For a certain portion of the population, the admonition ''Don't panic!'' is a coded invitation to join a cult of like-minded fans devoted to the Monty Python-adjacent universe of science fiction and existential tomfoolery created by the daft-genius British writer Douglas Adams. And for them (or should I say, for us), the appearance of the movie version of The Hitchhiker's Guide to the Galaxy (as opposed to the original 1978 BBC radio version, followed by the 1979 book version, the 1981 BBC television version, and the 1984 videogame version) four years after Adams' death of a heart attack at the age of 49 is like an eerie time-warped greeting from a distant galaxy: The thing feels sweetly familiar but a bit frayed around the heat shields as it re-enters our atmosphere. For all others, the nutty, fitfully charming production, with its Pee-wee's Playhouse visual aesthetic, androidish pacing, and idiot-proof overdelight in itself, may bemuse rather than cause a powerful disturbance in the force.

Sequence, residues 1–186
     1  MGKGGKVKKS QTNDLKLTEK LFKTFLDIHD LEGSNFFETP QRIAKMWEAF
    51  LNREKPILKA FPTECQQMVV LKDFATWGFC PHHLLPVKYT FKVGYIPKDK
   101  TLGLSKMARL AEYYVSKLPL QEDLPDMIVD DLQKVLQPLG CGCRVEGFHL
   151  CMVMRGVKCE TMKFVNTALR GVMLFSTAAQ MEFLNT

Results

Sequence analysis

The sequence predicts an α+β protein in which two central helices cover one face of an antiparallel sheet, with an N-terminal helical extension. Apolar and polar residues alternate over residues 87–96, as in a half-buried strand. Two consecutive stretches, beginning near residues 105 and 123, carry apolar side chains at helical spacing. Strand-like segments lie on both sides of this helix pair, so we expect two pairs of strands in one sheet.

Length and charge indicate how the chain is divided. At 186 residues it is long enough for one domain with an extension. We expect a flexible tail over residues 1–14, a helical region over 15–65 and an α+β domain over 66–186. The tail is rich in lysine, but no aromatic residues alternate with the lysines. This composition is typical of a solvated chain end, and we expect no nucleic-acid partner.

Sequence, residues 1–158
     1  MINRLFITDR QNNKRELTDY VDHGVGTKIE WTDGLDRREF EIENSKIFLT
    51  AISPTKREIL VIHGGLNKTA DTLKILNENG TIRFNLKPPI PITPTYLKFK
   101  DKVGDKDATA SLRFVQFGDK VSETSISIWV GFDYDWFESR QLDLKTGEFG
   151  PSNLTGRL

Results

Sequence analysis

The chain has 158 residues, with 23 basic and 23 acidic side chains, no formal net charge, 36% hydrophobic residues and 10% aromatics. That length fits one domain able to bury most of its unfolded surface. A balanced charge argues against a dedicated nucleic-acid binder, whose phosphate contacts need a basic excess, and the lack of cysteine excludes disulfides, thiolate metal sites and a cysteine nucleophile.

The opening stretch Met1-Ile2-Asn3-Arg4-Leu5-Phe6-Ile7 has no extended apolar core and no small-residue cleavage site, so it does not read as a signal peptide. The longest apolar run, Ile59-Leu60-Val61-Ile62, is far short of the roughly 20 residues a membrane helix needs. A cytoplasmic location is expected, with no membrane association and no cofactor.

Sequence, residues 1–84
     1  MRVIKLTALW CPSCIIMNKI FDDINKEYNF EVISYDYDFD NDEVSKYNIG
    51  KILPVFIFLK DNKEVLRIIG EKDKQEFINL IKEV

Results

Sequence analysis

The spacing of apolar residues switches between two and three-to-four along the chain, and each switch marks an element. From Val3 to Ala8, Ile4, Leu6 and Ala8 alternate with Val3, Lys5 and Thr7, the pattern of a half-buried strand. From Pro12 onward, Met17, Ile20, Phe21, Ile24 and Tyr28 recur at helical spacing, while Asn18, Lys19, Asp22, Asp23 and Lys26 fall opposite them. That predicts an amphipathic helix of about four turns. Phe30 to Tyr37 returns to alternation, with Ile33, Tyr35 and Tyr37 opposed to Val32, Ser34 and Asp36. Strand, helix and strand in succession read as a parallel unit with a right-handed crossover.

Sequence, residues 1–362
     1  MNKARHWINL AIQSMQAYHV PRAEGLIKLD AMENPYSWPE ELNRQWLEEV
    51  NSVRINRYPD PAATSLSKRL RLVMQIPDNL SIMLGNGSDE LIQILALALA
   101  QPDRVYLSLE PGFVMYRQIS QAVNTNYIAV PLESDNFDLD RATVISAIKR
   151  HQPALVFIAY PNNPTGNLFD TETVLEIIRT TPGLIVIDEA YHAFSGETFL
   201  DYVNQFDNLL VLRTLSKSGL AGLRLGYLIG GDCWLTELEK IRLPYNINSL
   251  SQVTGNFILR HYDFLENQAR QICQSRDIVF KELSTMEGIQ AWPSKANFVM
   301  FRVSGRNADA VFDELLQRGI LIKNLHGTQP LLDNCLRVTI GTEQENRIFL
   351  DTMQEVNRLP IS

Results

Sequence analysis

Here again is Arthur Dent (Martin Freeman, quintessential drone from the BBC's The Office now playing a quintessential blinkered Englishman who is cousin in obliviousness to Shaun in Shaun of the Dead), whose house is about to be bulldozed for the creation of an English freeway. Arthur is rescued, moments before Earth itself is bulldozed, by his pal Ford Prefect (Mos Def), who turns out to be not-so-carbon-based after all, hailing from a planet in the vicinity of Betelgeuse. Simply by sticking out his thumb to snag a ride on a passing spaceship, Ford introduces his human friend to the secrets of a really really big cosmos that bears a hilarious resemblance to everyday earthly life, with a few modifications. Among them: The president of the galaxy (a hyperdriven Sam Rockwell) has two heads; the sour-tempered civil servants who jam the bureaucracy are lumpish, pickle-skinned creatures (created by Jim Henson's Creature Shop) from the planet Vogosphere; and the smartest creatures in the universe aren't the humans who perform experiments on mice, but rather well, stick around and listen to dolphins sing ''So long, and thanks for all the fish.'' Actually, that polite sentiment (another key bit of Hitchhiker philosophy), orchestrated and choreographed in an opening number suitable for the extended cut of The Wizard of Oz, represents director (and music-video jokester) Garth Jennings at his best, before he's tripped up by the challenge of squishing in so much other Adams arcana. Anyhow, as often happens in such cult-hip enterprises, the devoted cast is inspired to flights of thespian bravura. Among the standouts, Alan Rickman conveys true banal sad-sackery as the voice of a depressed robot. Bill Nighy is characteristically divine as a planetary construction engineer. And in an exquisitely loony subplot new for the movie, John Malkovich outdoes himself as the leader of a religious cult devoted to the worship of a giant nose a spiritual movement that sums up the intersection of the improbable and the mundane where Hitchhikers feel most at home.